Adweek has rolled out its inaugural Power List, ranking the 100 most influential, innovative and effective leaders controlling media, marketing and technology.
The publication considered the profiles and results of corporate titans, taking into account such criteria as the value of company assets, revenue and revenue growth, consumer reach and affinity, market performance, standing among rivals, number of employees, key acquisitions and partnerships, industry accolades and media buzz. Agency chieftains, tech titans, media execs and the CEOs of top brand marketers populate the list – and here’s the Top 10:
- Larry Page, CEO, co-founder, Google
Larry Page opened a new window into the Information Age 17 years ago when he and Sergey Brin formed Google, revolutionizing the way practically every human being accesses information. Of course, Google has grown far beyond search. It is one of the most powerful corporations on the planet – and Page, 42, is the principal architect of that success.
Google’s ubiquity is astonishing. From Android to Chromebooks, from AdWords to Maps and so much more, there’s virtually no corner of technology, media and advertising in which Google is not a player.
- Tim Cook, CEO, Apple
Cook, 54, followed the legendary Steve Jobs – and he’s well on his way to becoming as big a legend. In nearly four years at the helm, Apple doubled its market capitalization, becoming the first U.S. Company to hit $700 billion. Its financials routinely set records, including Q1 earnings of $18 billion, the most for any company in a single quarter ever – fueled by the latest iPhone versions and Apple Watch. Clearly, Cook has built on Jobs’ facility to fuel broad cultural trends.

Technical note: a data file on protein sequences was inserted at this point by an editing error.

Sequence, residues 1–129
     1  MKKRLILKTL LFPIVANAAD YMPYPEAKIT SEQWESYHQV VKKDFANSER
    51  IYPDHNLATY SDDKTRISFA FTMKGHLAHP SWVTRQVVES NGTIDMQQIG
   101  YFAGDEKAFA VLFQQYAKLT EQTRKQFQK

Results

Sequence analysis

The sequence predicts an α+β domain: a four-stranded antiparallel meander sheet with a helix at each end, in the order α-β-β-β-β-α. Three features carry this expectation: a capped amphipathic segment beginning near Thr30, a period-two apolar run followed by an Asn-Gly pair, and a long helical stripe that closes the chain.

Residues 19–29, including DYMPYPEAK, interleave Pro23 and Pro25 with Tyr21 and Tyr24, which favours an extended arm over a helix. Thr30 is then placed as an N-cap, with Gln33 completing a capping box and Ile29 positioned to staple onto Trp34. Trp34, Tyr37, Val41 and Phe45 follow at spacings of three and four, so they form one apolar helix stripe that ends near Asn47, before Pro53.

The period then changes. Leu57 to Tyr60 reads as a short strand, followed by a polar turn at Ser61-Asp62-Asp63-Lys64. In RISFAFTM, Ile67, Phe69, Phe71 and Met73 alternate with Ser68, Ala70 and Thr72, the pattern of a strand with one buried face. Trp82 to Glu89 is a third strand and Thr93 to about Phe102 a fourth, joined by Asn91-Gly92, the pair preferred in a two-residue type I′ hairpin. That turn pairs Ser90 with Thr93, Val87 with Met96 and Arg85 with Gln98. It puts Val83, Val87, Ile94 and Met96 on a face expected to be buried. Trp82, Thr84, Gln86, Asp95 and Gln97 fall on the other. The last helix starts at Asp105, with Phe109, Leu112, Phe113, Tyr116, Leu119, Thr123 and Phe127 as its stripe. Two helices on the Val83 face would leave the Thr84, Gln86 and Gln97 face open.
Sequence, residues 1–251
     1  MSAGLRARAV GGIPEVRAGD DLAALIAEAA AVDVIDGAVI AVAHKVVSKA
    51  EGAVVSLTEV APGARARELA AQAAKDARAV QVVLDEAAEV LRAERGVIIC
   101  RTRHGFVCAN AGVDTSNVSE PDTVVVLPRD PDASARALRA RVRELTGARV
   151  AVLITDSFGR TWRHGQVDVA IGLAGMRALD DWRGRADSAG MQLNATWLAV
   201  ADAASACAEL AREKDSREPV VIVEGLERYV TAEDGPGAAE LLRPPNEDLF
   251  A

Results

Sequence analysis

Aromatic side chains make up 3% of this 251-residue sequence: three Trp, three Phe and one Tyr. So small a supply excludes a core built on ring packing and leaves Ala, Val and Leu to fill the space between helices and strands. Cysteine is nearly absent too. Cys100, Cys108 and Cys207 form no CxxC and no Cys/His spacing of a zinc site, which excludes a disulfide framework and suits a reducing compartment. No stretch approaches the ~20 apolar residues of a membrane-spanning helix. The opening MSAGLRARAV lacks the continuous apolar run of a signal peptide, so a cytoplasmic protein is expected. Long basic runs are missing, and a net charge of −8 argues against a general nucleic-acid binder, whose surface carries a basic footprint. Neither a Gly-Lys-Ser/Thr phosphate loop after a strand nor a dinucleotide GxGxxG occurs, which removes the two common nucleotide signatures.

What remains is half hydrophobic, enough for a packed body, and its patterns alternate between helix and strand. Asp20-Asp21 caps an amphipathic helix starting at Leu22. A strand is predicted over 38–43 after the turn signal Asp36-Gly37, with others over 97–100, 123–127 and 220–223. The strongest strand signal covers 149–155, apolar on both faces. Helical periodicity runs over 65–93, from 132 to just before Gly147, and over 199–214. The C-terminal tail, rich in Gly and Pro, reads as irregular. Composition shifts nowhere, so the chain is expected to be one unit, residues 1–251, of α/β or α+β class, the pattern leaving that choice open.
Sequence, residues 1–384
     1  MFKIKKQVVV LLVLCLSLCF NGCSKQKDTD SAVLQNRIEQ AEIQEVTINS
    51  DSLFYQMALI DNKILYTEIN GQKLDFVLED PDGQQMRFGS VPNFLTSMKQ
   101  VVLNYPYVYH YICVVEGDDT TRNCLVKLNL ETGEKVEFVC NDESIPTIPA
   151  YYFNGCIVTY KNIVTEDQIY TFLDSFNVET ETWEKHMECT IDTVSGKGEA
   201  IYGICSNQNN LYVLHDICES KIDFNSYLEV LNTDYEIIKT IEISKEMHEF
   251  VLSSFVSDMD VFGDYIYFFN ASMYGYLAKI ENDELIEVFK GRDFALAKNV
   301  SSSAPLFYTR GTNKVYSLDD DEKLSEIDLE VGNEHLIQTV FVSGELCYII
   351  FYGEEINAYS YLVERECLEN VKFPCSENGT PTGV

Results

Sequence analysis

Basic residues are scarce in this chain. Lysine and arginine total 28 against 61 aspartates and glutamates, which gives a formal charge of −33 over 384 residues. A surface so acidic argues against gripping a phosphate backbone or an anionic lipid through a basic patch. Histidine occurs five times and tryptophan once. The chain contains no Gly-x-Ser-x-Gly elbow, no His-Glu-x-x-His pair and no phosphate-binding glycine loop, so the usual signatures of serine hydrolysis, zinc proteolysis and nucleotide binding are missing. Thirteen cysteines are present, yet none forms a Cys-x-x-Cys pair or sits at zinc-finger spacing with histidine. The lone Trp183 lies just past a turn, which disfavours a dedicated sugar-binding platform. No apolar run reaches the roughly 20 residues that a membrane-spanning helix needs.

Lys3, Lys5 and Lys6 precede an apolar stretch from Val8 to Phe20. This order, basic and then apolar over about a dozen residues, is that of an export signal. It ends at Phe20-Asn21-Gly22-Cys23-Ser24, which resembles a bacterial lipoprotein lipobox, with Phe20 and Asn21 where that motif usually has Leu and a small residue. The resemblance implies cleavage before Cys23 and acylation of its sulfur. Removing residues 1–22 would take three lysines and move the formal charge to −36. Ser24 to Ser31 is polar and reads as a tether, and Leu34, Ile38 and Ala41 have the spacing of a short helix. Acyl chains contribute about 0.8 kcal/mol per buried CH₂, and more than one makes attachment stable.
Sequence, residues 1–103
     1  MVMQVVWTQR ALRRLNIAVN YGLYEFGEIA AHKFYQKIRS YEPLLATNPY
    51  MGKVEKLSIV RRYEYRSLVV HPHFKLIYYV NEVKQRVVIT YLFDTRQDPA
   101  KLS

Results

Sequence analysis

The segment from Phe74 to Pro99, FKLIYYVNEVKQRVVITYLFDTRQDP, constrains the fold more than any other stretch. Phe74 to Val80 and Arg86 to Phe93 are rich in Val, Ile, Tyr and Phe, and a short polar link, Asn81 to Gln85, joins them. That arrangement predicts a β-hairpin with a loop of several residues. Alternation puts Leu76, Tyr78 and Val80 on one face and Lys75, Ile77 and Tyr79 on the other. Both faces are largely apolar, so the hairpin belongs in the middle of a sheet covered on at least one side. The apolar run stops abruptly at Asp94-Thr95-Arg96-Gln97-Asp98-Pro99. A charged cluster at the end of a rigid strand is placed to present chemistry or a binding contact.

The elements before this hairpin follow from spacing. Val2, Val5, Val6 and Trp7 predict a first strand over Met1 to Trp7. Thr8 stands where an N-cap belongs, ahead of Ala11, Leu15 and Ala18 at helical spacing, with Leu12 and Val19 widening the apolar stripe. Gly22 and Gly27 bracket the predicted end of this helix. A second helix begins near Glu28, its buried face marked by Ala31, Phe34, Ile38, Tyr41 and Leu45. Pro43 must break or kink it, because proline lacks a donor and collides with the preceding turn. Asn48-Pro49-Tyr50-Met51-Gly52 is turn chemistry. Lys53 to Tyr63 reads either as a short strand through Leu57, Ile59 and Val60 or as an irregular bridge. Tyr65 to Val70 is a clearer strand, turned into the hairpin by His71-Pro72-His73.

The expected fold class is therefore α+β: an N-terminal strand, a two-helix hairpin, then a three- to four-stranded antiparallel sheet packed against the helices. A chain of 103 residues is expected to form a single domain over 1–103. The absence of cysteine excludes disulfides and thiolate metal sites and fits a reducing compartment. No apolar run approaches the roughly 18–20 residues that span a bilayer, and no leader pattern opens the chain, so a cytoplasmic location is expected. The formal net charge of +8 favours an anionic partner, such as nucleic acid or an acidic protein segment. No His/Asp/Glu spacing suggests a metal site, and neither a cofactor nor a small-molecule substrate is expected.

- Mark Zuckerberg, CEO, chairman, co-founder, Facebook
Zuckerberg, 31, changed the way the planet stays connected, informed and entertained – and despite cries it is losing influence among millennials, Facebook shows no sign of losing muscle. Its market cap hovers around $220 billion– more than double its value at the time of its IPO three years ago. Zuckerberg’s focus on mobile advertising could further turbo-charge growth, while Instant Articles may well herald a sea change in digital content. Eleven years after Facebook’s launch, the company remains the embodiment of instantaneous communication and sharing on a global scale, making the world a much less lonely place for a billion of us.
- Robert Iger?CEO, chairman, The Walt Disney Co. (includes ABC, ESPN, Disney theme parks)?
The force is with Iger, 64, who is credited with revitalizing and expanding Disney’s empire in his decade at the helm through a mix of people skills (he can mend fences), strategic genius (aggressive, diversified merchandising to enhance films’ profitability) and savvy acquisitions including Pixar, Marvel and Lucasfilm. Under Iger, Disney’s market cap has more than doubled to $185 billion—making it no surprise that the company extended his contract through 2018.
- A.G. Lafley?CEO, president, chairman, Procter & Gamble?
Lafley, 67, is an innovative thinker and creative marketer who gives brands at the world’s largest advertiser leeway to forge sharper images while staying true to the middle-American ethos the company’s come to represent. Currently, he has cost cutting on his mind, and plans to divest numerous brands in order to focus on big sellers like Tide, Crest, Gillette and Always (whose “Like a Girl” campaign last year swept social media and the industry, winning the PR Grand Clio Award) while simultaneously trimming marketing costs (U.S. media chores just went into review).